the Modoc Forest and late that year with the inclusion of the Haydenhill unit, still
another was added. In 1911 there were five separate ranger districts on the
Warner Mts. division. That fall the number in that section was reduced to four, in
1913 to three and in 1913 to two, with Cedar Pass as the dividing line.
The Devil's Garden district was composed of two separate ranger districts up to
1915 when they were consolidated under one ranger. Up to 1916, the large
western timbered plateau was split into two districts, East, and West Happy
Camp, respectively. When the northern lava beds region was added to the Modoc
it was first administered as a part of the Happy Camp district, involving in all
almost 900,000 acres. It was later made a separate and distinct ranger unit under
the name of the Doublehead District.
Although an experiment started last year has combined the North Warners, South
Warners and Devil' s Garden into one administrative unit under a district ranger
stationed at Cedarville and an assistant district ranger stationed at Alturas,
administrative thinking is still much in terms of the district units established
before the 1920's and lasting through an approximate quarter century of
administration. While Appendix B at the end of this history includes only areas
actually within legally established national forest boundaries, some 200,000 acres
of outside private timberlands adjacent to the Happy Camp and Big Valley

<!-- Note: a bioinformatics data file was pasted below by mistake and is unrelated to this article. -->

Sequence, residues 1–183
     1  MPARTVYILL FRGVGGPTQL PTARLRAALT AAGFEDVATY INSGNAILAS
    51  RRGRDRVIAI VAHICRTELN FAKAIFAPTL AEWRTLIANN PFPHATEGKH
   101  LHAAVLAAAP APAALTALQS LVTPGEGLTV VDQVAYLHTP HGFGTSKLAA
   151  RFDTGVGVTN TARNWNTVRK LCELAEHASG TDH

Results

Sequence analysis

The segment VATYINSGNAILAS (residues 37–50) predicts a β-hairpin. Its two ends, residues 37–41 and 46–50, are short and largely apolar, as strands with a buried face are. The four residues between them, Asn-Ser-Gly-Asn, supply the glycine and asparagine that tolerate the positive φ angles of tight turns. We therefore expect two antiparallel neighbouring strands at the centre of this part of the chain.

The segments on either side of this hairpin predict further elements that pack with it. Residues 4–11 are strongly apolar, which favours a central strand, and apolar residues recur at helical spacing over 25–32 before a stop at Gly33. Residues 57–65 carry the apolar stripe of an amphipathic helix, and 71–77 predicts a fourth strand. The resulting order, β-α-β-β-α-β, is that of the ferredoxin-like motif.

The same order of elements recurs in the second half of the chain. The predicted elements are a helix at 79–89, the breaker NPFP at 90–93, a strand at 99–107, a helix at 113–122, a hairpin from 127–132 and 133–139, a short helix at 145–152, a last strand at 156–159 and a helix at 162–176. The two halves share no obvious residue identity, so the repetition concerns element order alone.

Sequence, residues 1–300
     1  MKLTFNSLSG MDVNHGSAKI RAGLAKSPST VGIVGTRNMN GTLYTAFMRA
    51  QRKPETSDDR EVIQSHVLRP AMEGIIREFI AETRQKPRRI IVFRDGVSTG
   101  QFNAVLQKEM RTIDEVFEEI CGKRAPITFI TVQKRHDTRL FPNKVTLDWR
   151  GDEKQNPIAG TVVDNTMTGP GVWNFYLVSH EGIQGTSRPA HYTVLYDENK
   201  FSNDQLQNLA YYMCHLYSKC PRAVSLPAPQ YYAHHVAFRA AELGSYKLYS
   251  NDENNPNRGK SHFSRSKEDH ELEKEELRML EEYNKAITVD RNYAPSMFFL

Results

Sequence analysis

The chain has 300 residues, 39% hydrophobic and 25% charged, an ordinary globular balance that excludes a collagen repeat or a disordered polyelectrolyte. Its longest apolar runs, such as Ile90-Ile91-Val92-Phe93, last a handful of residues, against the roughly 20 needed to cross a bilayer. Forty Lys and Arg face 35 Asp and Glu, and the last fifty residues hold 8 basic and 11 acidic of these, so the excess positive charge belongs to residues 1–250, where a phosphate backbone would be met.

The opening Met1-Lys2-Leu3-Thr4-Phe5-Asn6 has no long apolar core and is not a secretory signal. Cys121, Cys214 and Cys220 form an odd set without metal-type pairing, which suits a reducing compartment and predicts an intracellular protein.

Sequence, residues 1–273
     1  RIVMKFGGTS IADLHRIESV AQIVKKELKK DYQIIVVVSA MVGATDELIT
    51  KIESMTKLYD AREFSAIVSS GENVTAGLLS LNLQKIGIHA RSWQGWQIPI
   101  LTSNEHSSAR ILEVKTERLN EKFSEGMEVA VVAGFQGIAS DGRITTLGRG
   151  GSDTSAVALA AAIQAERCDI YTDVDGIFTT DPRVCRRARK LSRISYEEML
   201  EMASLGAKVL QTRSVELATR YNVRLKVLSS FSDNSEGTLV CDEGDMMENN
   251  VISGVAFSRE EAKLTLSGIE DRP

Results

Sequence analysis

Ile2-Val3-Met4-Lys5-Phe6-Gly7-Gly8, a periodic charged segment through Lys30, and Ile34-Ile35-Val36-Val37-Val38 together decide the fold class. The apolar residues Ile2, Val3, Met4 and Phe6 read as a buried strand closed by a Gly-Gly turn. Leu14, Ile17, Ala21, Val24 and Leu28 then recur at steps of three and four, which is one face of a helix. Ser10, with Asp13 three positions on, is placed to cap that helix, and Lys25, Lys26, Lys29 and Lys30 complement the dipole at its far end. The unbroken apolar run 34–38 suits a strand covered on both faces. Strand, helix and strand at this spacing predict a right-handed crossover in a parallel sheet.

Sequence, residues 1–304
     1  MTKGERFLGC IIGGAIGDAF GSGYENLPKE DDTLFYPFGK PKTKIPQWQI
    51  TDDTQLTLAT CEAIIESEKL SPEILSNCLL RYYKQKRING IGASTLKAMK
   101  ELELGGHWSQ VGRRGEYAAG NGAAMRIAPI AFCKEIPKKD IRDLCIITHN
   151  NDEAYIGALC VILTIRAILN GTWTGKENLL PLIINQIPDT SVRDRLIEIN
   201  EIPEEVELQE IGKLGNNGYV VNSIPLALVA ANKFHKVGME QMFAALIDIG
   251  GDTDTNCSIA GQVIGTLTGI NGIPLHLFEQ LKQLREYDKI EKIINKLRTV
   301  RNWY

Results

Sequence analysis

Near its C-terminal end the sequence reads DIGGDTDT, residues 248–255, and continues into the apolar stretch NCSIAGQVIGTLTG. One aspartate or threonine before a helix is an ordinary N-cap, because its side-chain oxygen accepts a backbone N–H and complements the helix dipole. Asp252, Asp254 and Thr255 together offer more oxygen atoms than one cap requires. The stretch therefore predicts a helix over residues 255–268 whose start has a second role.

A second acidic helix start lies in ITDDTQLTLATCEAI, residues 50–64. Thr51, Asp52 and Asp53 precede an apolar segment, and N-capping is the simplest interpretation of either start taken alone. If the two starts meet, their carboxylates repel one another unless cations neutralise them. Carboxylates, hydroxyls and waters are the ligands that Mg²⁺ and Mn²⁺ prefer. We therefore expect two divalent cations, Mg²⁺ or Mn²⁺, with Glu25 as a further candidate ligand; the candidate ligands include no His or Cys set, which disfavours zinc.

districts have for many years been under Forest Service fire protection through
cooperative arrangements with their owners.




                                              35
Modoc National Forest History Co mp iled in 1945




Chapter VI - Resource Management

Wate r
Modoc County, in common with the rest of California, can produce few crops
without extensive irrigation. A great deal of the arable soil of the valleys is deep
and rich - and waterless. On a considerable area of these dry lands rye is grown
and cut for hay, one and one-half tons per acre being considered a good crop.
Grain crops - barley and wheat - sown in the fall, in some sections bring good
returns. Hay, including alfalfa, and all other crops, need irrigation.
The Warner Mountain Range is one of the best-watered areas of the State. The
water from the short streams of the east slopes provide irrigation for Surprise
Valley, which is also, blessed with some fine artesian flows throughout its length.
In some few fortunate spots in this valley there are also considerable areas of sub-
irrigated land on which no surface irrigation is needed to produce bumper crops.
Incidentally, besides livestock and livestock products, Surprise Valley produces
considerable alfalfa seed, which, because of its high quality, commands a
premium in the nation's markets.
Streams are longer and. larger on the west side of the Warner Range. From the
approximate northern one-third of the range they flow into Goose Lake; from the
balance of the range the waters flow into Pit River. Because of a surplus of water,
most of South Fork Valley was a swamp until a large drainage canal paralleling
Pit River was dug in the 1890' s. In some spring seasons, high temperatures